Training yourself to live simply and without luxury brings you complete health, gives you endless energy to face the necessities of life, legter prepares you for the occasional luxury, and makes you fearless no matter your fortune in life. And, we thinkcontentment a great goodnot in order that we may never have but a littlebut in order that, if we have not much, we may make use of a littlebeing genuinely persuaded that those men enjoy luxury most completely who are the best able to do without it; and that everything which is natural is easily providedand what is useless is not easily procured.
Other translators understand it as applying to “most people” from the previous sentence, with the sense that most people assume that immortal beings so different from themselves must want to interfere in human affairs. And in consequence of these, the greatest evils which befall wicked menand the benefits which are conferred on the goodare all attributed to the gods ; for they connect all their ideas of them with a comparison of human virtuesand everything which is different from human qualitiesthey regard as incompatible with the divine nature.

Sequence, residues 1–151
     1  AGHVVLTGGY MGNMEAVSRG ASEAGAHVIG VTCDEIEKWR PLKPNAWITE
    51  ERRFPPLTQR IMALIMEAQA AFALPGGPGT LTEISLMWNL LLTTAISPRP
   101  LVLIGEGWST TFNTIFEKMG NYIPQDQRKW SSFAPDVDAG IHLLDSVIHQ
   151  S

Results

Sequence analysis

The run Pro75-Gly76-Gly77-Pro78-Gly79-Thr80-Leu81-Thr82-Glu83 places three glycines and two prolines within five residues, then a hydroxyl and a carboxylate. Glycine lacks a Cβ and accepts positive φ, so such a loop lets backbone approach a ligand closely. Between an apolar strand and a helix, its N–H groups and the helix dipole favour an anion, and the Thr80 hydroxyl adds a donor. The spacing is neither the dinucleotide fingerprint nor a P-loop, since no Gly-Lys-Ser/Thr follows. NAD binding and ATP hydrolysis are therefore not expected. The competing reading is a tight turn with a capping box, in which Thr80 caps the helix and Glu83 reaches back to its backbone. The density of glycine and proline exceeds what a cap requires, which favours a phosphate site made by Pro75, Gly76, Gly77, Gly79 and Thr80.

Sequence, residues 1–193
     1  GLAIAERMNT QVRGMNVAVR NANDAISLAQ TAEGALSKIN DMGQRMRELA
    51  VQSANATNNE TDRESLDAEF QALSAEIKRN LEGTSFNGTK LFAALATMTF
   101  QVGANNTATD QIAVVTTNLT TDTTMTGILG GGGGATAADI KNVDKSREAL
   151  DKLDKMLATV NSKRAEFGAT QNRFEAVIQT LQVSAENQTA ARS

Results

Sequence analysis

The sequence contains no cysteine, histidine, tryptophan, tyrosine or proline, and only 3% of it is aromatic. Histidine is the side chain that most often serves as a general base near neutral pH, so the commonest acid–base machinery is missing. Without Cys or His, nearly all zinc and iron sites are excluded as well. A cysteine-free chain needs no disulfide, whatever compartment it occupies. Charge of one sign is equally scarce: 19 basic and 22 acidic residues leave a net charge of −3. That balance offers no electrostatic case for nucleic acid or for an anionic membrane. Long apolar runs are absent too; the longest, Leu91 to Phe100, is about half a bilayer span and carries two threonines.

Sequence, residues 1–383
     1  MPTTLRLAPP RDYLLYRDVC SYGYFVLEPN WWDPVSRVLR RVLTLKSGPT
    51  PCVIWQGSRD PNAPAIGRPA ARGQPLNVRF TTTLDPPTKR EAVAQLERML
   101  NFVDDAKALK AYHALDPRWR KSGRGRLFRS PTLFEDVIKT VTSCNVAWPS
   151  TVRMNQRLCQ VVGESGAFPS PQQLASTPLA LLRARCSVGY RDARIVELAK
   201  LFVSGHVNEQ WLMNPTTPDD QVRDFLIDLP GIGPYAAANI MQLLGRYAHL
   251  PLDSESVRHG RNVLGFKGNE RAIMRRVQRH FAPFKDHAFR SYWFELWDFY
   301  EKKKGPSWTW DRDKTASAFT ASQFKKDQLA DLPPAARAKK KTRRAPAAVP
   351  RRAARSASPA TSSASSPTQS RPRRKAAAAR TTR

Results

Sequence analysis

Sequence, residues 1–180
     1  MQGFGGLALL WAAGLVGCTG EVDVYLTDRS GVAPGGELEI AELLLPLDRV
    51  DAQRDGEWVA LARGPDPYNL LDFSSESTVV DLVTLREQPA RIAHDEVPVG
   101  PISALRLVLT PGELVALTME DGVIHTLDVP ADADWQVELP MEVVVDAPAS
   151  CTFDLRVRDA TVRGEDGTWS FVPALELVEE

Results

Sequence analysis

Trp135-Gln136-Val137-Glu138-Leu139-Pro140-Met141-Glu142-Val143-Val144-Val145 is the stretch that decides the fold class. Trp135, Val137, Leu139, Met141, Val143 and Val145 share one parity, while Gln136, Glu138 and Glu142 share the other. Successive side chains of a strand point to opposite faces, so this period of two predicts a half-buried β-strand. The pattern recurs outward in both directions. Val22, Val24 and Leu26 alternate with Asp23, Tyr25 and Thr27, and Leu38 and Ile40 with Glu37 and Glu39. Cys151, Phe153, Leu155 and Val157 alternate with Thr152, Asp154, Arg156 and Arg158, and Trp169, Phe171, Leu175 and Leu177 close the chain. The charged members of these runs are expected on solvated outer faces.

Absence of Pain The highest pleasure is the lack of pain in the body and of disturbance in the soul Drinking, partying, sex, etc.
Yet the wise man does not dishonor life since he is not set against it and he is not afraid to stop living since he does not consider that to be a bad thing.
Death Death is the end of sense-experience Sense-experience is the only experience human beings have So, death is nothing to human beings This removes the disquieting longing for immortality And it removes fear of death, in which a future event upsets the present.
Some translators understand it as applying to “the gods” from the previous sentence, with the sense that the gods would not interfere in human affairs because they don’t care about “consider as alien” mortal creatures who are so different from themselves. Life Living does not offend the wise person He savors the most pleasant time, rather than the longest time What will happen is not unconditionally within our power Nor is it unconditionally outside our power So, one must not expect to control everything or despair that all is inevitable.